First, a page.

Bernard Cornwell’s book of 9th century England summarizes the nature of the Winter and now a still damp snappingly cold Spring. Life in Britain’s Danelaw was harsh, brutal and short. The Death of Kings is set in the Winter woods of Wessex as Danes and Saxons vie for the upper hand in a land infested with warlords, robbers, and bandits. Travel is dangerous. Which religious faith you honor can be an invitation to pillaging. And everywhere there are woods and forests hiding more than wolves.
It is with this medieval spirit I took a walk through Trent Hill forests on a dank, cold damp Spring day. My morning walk brought on an overcast day after a sharp cold night with a touch of full winter snow storm. So my daily exercise trek would take me into the woods, up a sharp slope and off the beaten trails. and suddenly, here was the forest trails and disappearing paths of Cornwell’s Wessex which had trammeled before me the previous evening. The craggy steps and pitch winds confronting Finian and Lord Uhtred were now to be scaled in cold Trent Hills hillsides.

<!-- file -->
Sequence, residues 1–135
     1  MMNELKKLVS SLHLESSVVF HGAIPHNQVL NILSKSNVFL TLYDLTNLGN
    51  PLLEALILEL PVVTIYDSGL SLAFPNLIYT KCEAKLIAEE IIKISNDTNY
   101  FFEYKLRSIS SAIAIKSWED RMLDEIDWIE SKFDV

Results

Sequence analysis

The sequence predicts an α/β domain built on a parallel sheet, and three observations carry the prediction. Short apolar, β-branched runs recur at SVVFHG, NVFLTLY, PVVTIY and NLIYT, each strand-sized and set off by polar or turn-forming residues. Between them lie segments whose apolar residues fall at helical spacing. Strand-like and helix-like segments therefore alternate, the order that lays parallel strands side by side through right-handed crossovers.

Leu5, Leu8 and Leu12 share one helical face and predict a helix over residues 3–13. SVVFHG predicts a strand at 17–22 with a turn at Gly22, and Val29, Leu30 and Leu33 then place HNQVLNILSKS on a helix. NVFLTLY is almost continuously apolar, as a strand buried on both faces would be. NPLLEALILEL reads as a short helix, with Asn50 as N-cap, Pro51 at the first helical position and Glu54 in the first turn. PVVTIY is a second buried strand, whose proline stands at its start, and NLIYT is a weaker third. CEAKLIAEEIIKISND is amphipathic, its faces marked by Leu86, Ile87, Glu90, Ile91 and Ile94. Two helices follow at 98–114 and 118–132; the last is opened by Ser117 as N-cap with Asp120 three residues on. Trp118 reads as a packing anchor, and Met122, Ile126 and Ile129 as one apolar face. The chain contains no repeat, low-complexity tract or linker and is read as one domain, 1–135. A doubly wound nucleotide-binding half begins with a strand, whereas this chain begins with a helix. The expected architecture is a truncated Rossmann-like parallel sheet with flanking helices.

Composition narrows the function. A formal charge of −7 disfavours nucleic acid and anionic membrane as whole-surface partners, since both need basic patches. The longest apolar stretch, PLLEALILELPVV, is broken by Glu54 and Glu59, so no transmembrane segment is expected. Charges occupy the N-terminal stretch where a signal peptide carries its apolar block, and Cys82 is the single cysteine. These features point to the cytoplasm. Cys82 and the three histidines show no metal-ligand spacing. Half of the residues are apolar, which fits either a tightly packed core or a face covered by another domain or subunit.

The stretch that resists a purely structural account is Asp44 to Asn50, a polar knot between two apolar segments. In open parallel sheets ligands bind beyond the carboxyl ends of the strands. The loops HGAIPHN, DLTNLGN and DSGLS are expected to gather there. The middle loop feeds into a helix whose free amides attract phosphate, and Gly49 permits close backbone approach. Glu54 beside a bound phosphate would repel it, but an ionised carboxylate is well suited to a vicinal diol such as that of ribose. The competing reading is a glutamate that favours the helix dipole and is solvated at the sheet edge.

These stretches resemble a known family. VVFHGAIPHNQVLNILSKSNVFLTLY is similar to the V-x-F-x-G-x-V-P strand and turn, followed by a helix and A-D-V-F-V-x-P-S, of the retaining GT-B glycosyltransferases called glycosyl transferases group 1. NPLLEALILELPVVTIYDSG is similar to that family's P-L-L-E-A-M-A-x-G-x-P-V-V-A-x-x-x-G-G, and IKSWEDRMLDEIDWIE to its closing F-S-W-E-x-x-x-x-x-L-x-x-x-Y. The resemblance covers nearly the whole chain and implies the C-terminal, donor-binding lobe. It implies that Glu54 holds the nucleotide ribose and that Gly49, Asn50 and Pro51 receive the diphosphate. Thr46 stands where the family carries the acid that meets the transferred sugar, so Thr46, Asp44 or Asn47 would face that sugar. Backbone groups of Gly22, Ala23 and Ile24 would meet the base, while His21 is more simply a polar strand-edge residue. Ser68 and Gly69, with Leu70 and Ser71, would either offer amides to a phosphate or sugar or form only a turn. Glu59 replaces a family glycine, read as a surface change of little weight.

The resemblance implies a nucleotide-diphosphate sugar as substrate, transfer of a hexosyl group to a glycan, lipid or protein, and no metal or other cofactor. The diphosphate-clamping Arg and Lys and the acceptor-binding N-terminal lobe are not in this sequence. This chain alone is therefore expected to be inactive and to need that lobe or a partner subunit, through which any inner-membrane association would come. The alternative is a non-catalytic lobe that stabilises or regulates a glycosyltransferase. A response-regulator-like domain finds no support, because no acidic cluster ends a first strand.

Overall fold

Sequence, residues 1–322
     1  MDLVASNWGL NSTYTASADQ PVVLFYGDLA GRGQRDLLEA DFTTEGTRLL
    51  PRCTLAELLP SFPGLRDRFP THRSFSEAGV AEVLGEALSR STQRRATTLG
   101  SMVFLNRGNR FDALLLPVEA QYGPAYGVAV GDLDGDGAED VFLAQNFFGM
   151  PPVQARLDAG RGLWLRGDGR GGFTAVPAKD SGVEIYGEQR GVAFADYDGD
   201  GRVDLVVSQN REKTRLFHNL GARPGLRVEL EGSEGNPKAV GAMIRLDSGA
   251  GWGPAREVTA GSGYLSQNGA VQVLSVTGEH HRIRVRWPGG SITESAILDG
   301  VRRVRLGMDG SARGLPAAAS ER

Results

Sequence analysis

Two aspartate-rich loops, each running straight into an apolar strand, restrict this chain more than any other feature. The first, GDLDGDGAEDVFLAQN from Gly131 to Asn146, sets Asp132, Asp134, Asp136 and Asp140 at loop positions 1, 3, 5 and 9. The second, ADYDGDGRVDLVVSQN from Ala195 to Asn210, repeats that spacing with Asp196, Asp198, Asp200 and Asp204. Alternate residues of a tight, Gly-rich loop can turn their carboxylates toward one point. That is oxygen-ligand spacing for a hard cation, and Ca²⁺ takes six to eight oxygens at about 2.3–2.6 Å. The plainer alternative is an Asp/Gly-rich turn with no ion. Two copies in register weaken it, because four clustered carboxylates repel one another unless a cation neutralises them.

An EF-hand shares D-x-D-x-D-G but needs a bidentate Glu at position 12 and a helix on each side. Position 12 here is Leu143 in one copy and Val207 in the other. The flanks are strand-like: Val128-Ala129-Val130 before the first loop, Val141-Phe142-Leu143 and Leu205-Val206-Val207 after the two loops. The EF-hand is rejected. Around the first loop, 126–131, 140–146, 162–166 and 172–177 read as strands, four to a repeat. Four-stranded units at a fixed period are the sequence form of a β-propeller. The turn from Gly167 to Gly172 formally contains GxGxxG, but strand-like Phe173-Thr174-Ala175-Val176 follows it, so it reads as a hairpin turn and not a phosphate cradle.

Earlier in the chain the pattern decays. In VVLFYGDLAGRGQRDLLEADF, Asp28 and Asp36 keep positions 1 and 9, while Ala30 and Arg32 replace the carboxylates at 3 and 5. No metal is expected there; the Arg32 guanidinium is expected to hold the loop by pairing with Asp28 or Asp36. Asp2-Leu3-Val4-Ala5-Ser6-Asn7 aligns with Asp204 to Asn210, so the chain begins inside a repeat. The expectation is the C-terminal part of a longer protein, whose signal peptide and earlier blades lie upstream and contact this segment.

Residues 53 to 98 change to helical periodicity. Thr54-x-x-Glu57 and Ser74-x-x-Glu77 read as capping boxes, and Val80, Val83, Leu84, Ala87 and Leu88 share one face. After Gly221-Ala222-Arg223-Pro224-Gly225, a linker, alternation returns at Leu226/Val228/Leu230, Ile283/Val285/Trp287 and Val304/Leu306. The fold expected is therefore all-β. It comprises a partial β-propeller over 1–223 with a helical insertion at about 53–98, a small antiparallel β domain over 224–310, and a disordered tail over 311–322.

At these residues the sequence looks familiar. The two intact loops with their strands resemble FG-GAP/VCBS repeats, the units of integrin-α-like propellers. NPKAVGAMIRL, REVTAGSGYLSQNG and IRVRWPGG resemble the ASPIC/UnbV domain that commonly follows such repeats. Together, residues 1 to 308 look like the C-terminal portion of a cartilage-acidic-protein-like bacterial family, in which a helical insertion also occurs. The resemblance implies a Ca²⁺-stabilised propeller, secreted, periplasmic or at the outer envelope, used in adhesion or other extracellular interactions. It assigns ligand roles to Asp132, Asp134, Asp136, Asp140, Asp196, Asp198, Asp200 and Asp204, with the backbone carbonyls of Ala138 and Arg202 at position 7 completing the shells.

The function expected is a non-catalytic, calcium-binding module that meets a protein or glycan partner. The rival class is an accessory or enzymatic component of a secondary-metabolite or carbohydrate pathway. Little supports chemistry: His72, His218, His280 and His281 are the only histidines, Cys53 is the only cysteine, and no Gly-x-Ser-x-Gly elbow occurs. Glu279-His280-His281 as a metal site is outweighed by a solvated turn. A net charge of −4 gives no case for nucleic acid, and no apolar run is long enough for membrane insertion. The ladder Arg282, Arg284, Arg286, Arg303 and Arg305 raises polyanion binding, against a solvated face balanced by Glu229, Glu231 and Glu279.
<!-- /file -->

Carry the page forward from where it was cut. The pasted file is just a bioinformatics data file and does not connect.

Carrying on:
And it did not take long for the forest paths to disappear. The chill damp winds to cut to the bone. And an already overcast drabness to echo with Ravens caws and Woodpecker stutters while whip winds lashed about. Truly one could easily time travel back to the Anglo-Saxon era – and feel cold and danger in your bones.
Thus a touch of Christian sunshine which helped to guide a much meandering walk home – yes heart felt and welcome as Cornwell’s early England was conjured up with imaginative force this barely Spring day.